by Agata Drwiega
Since I have been interested in contemporary dramaturgy for the youth, the beginning of September has become an important time in my agenda. At that time usually the new edition of 'Nowe Sztuki dla Dzieci i Młodzieży' ('New Plays for Children and Young People') edited by Zbigniew Rudziński is published. According to it, for a couple of years I have taken part in the professional meeting of people connected to contemporary dramaturgy which takes place in the old palace in Obrzycko, around 50 km from Poznań, Greater Poland. This year’s event was extraordinary for a number of reasons.
First of all, Obrzycko is a magic place: a complex of old palace buildings, which we sleep in, is situated hidden in the forest on the outskirts of the village. Every night we have the-all-night talks sitting around the campfire. There is no one beside the participants and all the circumstances cause a friendly atmosphere full of absorbing conversations, giving birth to great ideas and connecting people who are full of passion. All of them are somehow related to the Theatre Play Competition, which is organized yearly by Children’s Art Centre in Poznań and coordinated by Rudziński. Around the fire you will find the jury members, equally experienced playwrights as novices, theatres’ directors and admirers of contemporary playwriting. The fixed parts of every year program are: loud readings of the plays published in the newest edition of 'Nowe Sztuki' and discussions about those plays, workshops for the Competition’s authors, lectures about contemporary dramaturgy and speeches of the new puppet theatre’s directors in which they present their programmes. This year in Obrzycko we celebrated a couple of anniversaries: the 30th anniversary of the Competition (the first one was announced in 1986 and 17 authors were invited to take part in it); the 40th edition of 'Nowe Sztuki' (in which since 1992 200 plays written by 102 both Polish and foreign authors were published) and the 25th professional meeting.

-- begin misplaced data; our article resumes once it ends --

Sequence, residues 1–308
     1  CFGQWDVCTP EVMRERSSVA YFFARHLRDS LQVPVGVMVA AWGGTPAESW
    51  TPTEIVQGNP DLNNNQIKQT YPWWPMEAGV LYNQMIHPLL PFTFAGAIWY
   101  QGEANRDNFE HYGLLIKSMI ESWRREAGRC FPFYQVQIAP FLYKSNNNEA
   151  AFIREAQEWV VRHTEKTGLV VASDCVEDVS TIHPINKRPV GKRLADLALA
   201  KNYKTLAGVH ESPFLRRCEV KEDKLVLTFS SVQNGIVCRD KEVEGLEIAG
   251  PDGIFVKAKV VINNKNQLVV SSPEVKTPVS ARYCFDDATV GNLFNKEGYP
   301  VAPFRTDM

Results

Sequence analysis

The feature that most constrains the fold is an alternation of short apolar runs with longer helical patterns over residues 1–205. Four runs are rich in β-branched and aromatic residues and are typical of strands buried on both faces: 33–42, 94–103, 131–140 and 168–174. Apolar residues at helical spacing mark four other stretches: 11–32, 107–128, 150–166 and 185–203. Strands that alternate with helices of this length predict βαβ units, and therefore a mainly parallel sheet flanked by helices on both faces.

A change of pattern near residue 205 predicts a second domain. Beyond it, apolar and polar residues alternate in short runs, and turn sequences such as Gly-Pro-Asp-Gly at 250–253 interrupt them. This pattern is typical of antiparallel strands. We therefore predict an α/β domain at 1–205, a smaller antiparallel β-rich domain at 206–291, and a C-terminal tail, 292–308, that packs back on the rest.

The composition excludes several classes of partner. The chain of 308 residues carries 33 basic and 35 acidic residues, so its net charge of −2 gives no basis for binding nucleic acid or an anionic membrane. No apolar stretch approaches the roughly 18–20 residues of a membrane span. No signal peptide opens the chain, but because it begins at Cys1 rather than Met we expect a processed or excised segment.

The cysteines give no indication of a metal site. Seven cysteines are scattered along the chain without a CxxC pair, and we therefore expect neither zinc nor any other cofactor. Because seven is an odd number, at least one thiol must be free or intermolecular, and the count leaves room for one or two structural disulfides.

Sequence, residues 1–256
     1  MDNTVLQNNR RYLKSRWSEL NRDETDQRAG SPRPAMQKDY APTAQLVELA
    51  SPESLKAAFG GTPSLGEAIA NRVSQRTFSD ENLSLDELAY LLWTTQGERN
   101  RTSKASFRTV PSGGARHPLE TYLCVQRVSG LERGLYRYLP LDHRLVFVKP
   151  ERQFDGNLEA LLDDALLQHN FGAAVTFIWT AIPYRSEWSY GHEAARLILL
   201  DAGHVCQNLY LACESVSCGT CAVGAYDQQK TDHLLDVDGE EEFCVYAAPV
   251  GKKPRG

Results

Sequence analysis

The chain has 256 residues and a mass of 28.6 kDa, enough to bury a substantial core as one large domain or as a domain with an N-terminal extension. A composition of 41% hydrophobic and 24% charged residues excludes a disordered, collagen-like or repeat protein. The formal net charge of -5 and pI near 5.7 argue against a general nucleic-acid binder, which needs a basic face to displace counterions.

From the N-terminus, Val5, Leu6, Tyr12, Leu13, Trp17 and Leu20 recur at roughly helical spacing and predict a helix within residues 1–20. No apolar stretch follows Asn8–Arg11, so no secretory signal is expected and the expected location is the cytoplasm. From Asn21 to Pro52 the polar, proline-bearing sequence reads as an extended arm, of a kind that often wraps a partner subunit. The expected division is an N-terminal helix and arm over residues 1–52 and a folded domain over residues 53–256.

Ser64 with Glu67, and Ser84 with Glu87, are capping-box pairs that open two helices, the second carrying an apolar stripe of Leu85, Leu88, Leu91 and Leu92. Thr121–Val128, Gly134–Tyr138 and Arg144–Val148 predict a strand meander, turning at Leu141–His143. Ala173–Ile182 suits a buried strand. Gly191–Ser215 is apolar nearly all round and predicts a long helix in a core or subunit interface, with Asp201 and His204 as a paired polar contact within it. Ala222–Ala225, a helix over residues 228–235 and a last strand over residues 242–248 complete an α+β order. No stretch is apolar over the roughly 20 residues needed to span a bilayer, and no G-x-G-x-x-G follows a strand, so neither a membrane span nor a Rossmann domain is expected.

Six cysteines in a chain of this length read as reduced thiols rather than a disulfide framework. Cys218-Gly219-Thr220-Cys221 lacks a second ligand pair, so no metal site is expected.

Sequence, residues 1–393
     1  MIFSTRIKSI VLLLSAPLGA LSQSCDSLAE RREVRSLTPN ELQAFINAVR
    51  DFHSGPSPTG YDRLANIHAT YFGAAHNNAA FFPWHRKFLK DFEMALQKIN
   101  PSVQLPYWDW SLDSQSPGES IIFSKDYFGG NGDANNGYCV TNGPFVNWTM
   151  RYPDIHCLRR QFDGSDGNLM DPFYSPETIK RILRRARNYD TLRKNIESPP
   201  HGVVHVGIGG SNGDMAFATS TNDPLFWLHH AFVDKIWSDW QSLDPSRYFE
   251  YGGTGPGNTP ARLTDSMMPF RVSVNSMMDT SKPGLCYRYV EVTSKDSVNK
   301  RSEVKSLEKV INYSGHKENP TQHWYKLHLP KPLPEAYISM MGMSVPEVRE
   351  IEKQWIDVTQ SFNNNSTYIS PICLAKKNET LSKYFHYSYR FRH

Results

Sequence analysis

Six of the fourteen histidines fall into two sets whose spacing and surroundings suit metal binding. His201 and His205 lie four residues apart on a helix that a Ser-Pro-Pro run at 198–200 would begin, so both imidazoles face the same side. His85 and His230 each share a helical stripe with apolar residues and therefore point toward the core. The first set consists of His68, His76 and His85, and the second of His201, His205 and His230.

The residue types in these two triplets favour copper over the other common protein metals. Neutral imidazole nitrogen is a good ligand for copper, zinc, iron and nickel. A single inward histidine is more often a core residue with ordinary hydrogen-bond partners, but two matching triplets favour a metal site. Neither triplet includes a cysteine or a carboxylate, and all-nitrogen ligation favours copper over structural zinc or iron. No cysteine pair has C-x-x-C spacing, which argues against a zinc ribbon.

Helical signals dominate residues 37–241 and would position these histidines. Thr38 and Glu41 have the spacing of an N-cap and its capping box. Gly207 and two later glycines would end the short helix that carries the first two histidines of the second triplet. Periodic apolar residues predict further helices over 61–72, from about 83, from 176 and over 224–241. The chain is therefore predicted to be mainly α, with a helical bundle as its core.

As always the themes of the discussions were broad and many aspects of contemporary dramaturgy had been touched. This year a subject, which returned most often, was the comic quality in contemporary theatre and drama for youth. In her speech dedicated to this aspect in a general way Professor Dobrochna Ratajczakowa from Adam Mickiewicz University described a wide spectrum of comic varieties and claimed that funniness has many faces and trying to separate them is an impossible task. Nevertheless they appear in contemporary dramaturgy for youth in varied forms which are known both in historical and theoretical aspect. In Polish contemporary plays verbal jokes appear the most often but the situational one are also present, as well as grotesque, absurd, black humour, shallow humour etc.
The Competition has played a leading role in generalization of contemporary playwriting in Polish TYA. Thanks to it, many playwrights were discovered and their plays are staged in the puppet theatres in the whole country. There are some authors like Maciej Wojtyszko, Monika Milewska, Izabela Degórska, Liliana Bardijewska, Robert Jarosz, Michał Walczak, Marta Guśniowska and Malina Prześluga whose plays have shaped the contemporary Polish theatres’ repertoires. Plenty of the realisations are the outcome of the authors and the directors meetings in Obrzycko.There is one more important aspect to mention about the Obrzycko meetings and the 'Nowe Sztuki': Not only Polish authors are published and promoted there. Thanks to it, plays of varied well known foreign authors are staged in Poland – I will name only a couple of them: Pierre Gripari, Phillipe Dorin, Ulrich Hub, Holger Schober, Martin Baltscheit, Thilo Reffert or Suzanne Lebeau.
And professional meetings in Obrzycko are not the only activities dedicated to contemporary dramaturgy in Poland. About the others I will write in the next posts.